LinkedIn Ads for B2B LeadGen: Best Practices & Case Studies.
Updated 11th September 2023
Date : June 7, 2021
LinkedIn is the most powerful platform for online B2B lead generation. It has a huge audience of 850M+ business professionals, focuses on business-related connections and has a lot of different tools for quality lead generation and nurturing.
In my opinion, there are only 2 main types of ads that can be used for B2B lead generation on LinkedIn: sponsored InMails and sponsored content.
Sponsored InMail is a promotion method that sends personalized messages to the LinkedIn message center of your target audience (this is somewhat close to how regular email inbox works, but on LinkedIn messages page). There can be different variations of Sponsored InMails’ content, but most of InMails include a personalized greeting via first or last name substitution, a call-to-action button with a customized text depending on your campaign goals, a link to your landing page, and a banner image (optional).
The main goal of this ad format is to generate leads by pushing visitors to download a whitepaper, sign up for a demo, register for webinar or something else depending on campaign objectives and available assets. Sponsored InMails can be rather effective in this regard since they have high open rates due to them being sent and received within LinkedIn as regular messages from other users.
There is also a more modern variation of Sponsored ads called Conversation ads – following the same idea as with the regular Sponsored InMail advertisements but adding a twist to it. The twist itself is that each one of these advertisements has a multitude of CTA buttons attached, offering a so-called “choose your own adventure” experience for every client it gets sent to. By asking relevant questions and adding LinkedIn Lead Ads Forms you can capture leads easily, especially when inviting visitors to webinars or to whitepaper downloads. This particular approach offers higher CTR, better engagement and thus higher-than-average conversion rate.
As of September 2023, Sponsored InMail is no longer possible to create, so stick to Sponsored Conversation. Additionally, both Sponsored InMail & Conversation are not allowed in the EU because of GDPR limitations. If you market your products or services in the European region, you can only run this format in the UK, Switzerland and Norway. However, you can use Document Ads as a great alternative!
Sponsored content is a type of B2B LinkedIn lead generation ad that is included directly into news feeds with regular LinkedIn content, working as a variation of a promoted post. Some users draw a direct comparison between an organic post on a company’s personal page and a sponsored content post, claiming that the latter is an improved version of the former.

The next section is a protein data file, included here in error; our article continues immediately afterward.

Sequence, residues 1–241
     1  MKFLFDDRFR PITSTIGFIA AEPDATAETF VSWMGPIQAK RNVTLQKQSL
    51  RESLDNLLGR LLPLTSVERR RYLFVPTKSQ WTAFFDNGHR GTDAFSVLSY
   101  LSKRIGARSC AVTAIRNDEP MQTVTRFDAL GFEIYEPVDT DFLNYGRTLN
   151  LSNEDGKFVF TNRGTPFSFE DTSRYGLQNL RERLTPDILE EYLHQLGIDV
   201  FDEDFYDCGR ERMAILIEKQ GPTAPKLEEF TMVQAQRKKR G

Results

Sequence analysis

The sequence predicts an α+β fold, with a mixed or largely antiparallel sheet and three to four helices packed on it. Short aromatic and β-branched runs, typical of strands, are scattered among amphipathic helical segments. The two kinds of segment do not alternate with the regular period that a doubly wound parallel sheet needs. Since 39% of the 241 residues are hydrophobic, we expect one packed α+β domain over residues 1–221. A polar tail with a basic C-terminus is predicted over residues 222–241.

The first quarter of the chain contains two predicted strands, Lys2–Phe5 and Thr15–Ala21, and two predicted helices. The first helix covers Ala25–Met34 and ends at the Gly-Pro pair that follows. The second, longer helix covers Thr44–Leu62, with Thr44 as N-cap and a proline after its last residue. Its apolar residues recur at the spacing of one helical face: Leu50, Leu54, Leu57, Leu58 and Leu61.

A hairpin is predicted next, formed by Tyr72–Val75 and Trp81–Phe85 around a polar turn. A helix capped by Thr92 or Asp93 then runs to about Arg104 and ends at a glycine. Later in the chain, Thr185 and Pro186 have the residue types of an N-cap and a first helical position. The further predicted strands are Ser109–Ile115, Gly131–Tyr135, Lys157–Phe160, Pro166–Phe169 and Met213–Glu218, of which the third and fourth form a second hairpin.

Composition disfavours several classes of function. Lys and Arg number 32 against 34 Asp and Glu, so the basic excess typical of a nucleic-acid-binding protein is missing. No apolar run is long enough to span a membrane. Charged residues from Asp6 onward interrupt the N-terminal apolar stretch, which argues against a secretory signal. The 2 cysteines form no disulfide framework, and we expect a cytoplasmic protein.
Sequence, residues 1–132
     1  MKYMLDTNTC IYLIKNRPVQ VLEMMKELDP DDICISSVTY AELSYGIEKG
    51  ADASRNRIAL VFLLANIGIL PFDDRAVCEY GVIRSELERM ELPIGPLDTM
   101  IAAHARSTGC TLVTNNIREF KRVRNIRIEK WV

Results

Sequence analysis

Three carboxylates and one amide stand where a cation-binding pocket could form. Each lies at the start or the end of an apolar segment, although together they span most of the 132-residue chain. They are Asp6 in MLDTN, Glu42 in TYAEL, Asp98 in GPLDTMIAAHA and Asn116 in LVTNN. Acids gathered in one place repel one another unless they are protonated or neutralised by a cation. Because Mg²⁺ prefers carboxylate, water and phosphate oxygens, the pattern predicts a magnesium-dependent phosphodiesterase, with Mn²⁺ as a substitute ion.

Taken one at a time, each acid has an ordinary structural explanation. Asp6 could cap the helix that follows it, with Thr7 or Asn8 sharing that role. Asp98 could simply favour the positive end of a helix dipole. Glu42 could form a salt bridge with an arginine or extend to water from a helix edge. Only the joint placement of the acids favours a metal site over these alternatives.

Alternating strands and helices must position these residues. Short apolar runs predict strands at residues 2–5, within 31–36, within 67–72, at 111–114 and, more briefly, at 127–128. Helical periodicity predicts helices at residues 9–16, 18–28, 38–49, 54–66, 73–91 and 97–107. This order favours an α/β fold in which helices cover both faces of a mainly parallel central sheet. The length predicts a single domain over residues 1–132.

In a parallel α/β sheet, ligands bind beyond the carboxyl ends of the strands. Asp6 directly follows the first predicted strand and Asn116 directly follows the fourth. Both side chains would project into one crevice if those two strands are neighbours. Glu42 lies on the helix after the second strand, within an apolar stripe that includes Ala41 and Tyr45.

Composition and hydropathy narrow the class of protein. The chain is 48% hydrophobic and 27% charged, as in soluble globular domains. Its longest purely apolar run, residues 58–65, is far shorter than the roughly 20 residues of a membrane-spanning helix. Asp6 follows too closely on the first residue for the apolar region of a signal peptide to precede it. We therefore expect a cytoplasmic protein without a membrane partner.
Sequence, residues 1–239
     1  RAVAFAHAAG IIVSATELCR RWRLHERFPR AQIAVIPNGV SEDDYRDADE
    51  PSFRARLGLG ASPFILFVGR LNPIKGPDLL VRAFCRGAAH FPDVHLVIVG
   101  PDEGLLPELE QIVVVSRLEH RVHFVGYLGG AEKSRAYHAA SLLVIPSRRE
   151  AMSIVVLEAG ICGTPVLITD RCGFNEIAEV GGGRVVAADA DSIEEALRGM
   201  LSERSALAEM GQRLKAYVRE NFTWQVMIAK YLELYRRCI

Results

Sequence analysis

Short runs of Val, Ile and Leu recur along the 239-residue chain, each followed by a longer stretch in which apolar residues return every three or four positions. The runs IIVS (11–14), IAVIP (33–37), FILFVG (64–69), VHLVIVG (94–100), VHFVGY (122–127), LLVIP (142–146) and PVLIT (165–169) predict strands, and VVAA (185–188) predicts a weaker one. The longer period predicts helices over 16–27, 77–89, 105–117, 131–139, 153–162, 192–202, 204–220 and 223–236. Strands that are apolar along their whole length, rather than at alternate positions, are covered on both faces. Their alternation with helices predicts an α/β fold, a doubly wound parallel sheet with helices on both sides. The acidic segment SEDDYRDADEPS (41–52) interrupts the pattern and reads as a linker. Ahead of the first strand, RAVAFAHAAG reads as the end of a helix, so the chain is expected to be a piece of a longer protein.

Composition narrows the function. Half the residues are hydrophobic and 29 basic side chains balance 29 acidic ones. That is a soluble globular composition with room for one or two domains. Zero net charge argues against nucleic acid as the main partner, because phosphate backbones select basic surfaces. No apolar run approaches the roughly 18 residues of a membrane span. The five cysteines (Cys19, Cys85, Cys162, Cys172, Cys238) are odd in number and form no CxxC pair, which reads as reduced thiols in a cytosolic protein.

One of the biggest advantages of this ad format (often referred to as a “single-image ad format”) is the level of engagement since the content itself is integrated as a part of the newsfeed. This kind of approach to B2B LinkedIn lead generation helps a lot with transferring affinitive audiences towards landing pages, raising brand awareness level with bright and appealing images, and there is also a regular lead generation process with LinkedIn lead generation forms that are built on LinkedIn by the advertiser and are populated right in the newsfeed after the click on the ad.
It is worth noting that single-image ads, like the one described above, are not the only possible option when it comes to sponsored content as a whole. In addition, there are also carousel ads, video ads, event ads and document ads.
Video ads are extremely versatile, offering the ability to highlight positive customer experience and/or showcase new products or services – but only if you can get creative enough with the video ad. Sometimes video ads are used to invite selected audiences (current clients, prospects, etc) to an offline event.
Carousel ads, on the other hand, are closer to a traditional take on a LinkedIn advertisement, providing a number of images in a swipeable row of “cards” that can be used to share useful insights or just promote a product or a service using storytelling. It can be somewhat difficult to figure out since you have to make sure that your clients would keep swiping from the first image to the last for the ad itself to be effective enough. However, sometimes in my experience carousel ads had better CTR than the regular single-image ones. I would recommend using them, if your single image campaigns don’t perform well.
Event ads have a rather telling name – offering the ability to promote specific events that you have set up on your own LinkedIn page. The main objective of this kind of ad is to boost the number of event visitors. If your lead criteria includes not only trial form submissions or whitepaper/ebook download, but also event registrations – you can definitely use this ad type for lead generation.
Document ads are one of the most recent additions to LinkedIn’s B2B marketing toolset, offering the ability to share actual documents with target audiences in a variety of formats – PDF, PPT, DOCX, DOC, PPTX, etc. It is a great way to promote some sort of “evergreen” content (whitepapers, case studies, RFP templates, etc) to your audience and it also works great when it comes to gathering leads.
You can customize the number of pages which the visitor can preview without downloading the asset, generating additional interest in your target audience. Additionally, in my experience these leads have a better quality because the irrelvant audience won’t download the asset at all, having an ability to preview it.
Once the last “free” page is reached, the user see a text “Want to view more? Unlock the document below” landing to a LinkedIn form.
General use cases for LinkedIn ads
Despite the fact that LinkedIn ads can be useful in a wide variety of use cases, they are not universal, meaning that there would be quite a lot of situations when using LinkedIn as a leadgen channel would be useless. Here are some examples of when LinkedIn ads should not be used: